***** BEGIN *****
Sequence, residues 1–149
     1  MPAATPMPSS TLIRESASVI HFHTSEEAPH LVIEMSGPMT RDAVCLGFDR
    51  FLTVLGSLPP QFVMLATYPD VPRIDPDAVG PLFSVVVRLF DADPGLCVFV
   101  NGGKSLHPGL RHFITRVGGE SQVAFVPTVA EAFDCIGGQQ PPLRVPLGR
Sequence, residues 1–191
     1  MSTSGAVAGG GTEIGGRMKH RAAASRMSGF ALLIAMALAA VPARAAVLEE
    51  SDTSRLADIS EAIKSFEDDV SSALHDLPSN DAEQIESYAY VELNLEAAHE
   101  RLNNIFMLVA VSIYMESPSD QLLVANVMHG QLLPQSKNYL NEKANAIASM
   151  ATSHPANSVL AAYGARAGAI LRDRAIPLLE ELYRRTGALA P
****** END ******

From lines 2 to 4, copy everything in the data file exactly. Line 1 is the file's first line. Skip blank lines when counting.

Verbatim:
     1  MPAATPMPSS TLIRESASVI HFHTSEEAPH LVIEMSGPMT RDAVCLGFDR
    51  FLTVLGSLPP QFVMLATYPD VPRIDPDAVG PLFSVVVRLF DADPGLCVFV
   101  NGGKSLHPGL RHFITRVGGE SQVAFVPTVA EAFDCIGGQQ PPLRVPLGR